A U.S. body representing Seven-Eleven convenience store owners said Thursday it will seek to work together with Japanese owners on tackling the issue of running 24-hour operations in a tight labor market.
“We want to help (the Japanese franchisees) to get started in lobbying and campaigning and in forming associations,” said Jaspreet Dhillon, a senior official of the National Coalition of Associations of 7-Eleven Franchisees, at a news conference in Tokyo.
“We want to join hands with all our international franchisees and work together and learn from each other,” Dhillon said at the Foreign Correspondents’ Club of Japan. He is on a visit to Japan with other association members to study the situation faced by stores here.
Store owners in Japan are finding it difficult to continue 24/7 operations in the face of a severe labor shortage, even though Seven-Eleven Japan Co., also the parent of U.S.-based 7-Eleven Inc., requires them to be open all night.
The firm came under attack recently for sticking to the strategy despite the changing labor market.
The U.S. body, comprised of some 4,000 owners, said they face similar challenges in opening 24/7 due to rising labor costs and a shortage of workers. They also cited the difficulty of rectifying what they called unfair contracts that reflect the disparity in economic and legal powers between franchisors and franchisees, although they have not yet faced pressure from 7-Eleven Inc. to maintain 24-hour operations.
Michael Jorgensen, executive vice chairman of the coalition, said at the news conference that he wants to “closely monitor” the situation in Japan to see if Seven-Eleven Japan will continue to make the same request regardless of the U.S. labor situation.
“We have a vested interest in how these issues are addressed in Japan,” Jorgensen said.
The coalition has sent a letter to the Japan Fair Trade Commission to lay out their views on the issue, in hopes that doing so could aid the watchdog’s investigation into business practices between Seven-Eleven Japan and store owners.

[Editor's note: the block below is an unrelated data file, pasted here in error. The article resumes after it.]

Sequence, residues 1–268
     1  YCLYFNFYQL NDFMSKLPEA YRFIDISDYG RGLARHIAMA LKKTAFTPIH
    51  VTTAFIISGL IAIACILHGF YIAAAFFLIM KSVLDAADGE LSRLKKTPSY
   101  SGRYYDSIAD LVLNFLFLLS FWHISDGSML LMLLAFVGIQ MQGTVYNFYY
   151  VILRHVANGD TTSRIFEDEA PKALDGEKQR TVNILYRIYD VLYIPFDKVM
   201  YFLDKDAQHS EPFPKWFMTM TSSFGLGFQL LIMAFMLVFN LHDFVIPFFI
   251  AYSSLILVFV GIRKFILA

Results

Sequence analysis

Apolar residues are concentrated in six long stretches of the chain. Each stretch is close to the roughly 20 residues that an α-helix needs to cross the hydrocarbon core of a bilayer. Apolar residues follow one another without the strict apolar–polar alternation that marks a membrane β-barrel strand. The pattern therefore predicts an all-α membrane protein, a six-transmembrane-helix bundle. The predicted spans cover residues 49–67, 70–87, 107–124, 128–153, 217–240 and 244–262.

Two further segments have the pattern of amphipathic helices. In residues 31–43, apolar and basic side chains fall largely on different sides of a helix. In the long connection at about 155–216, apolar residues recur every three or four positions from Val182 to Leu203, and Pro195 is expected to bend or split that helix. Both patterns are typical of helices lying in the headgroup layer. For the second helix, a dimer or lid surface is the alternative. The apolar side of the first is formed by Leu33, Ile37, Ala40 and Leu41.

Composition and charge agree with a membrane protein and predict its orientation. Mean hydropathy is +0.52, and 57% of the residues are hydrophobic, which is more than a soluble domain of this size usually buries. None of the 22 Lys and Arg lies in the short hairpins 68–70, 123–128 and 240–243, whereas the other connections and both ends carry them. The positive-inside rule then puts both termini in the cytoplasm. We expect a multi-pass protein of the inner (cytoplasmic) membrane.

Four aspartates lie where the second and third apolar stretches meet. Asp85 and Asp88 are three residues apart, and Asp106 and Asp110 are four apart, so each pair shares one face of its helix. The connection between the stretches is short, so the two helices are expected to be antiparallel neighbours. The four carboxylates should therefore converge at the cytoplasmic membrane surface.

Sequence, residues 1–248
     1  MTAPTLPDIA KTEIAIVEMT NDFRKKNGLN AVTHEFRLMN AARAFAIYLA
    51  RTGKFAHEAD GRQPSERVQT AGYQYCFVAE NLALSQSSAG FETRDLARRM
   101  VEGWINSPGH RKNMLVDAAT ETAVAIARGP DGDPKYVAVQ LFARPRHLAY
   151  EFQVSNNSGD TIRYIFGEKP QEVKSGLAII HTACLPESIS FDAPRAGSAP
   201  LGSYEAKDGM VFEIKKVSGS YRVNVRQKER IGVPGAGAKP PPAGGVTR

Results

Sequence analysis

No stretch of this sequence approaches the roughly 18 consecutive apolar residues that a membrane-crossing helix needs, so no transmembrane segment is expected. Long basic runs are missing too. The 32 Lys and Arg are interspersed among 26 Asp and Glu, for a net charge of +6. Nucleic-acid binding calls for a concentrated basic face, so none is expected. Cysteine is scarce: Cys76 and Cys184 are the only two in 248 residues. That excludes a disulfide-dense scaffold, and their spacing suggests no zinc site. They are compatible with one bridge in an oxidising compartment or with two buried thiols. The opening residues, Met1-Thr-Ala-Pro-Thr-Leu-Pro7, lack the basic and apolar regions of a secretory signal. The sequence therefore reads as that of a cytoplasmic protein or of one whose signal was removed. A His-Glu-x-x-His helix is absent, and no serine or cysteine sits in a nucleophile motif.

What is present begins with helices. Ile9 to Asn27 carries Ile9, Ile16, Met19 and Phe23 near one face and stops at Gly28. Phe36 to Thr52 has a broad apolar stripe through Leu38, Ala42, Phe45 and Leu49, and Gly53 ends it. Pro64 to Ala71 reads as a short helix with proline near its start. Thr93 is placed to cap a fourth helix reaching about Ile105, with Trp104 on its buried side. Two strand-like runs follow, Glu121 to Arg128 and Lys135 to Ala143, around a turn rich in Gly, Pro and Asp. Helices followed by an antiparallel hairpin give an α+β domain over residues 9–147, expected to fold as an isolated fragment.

The commission is probing whether franchisees are being forced into disadvantageous contracts due to their inferior market position.
The “24/7 business model is as problematic in the United States as it is in Japan. … Moreover, in June 2018, 7-Eleven Inc. issued a new franchise agreement which for the first time in the history of the system, as far as we know, does not give the franchisee the right to close the store even on Christmas,” the coalition’s letter said. The letter was addressed to Kazuyuki Sugimoto, chairman of the Fair Trade Commission.
During the visit to Japan, Jorgensen, Dhillon and Rehan Hashmi, vice chair of the coalition, held discussions with several Seven-Eleven owners including Mitoshi Matsumoto, who was criticized by Seven-Eleven Japan for his decision to cut hours at his own store in February due to a staff shortage.
Matsumoto’s “revolt” has helped shine a light on the difficulty of maintaining 24/7 operations.
“The 24/7 issue (has) boiled up to such a point — so bad that … people are willing to come out and speak loudly about it,” said Jorgensen. “I think a lot of people suffer in silence about a lot of issues and are afraid to speak out, and that allows other people to suffer more (and) other issues to be marginalized.”
“We believe that franchisees should be able to run a store as true, independent business owners — not as glorified store managers — in such a way that guarantees financial stability and profitability,” Jorgensen said.
After a request by the Japanese government, Seven-Eleven Japan, FamilyMart Co., Lawson Inc. and other convenience store operators have drawn up plans including trials of shorter opening hours and introduction of self-checkout machines, in an effort to address the rising concerns of the franchisees.
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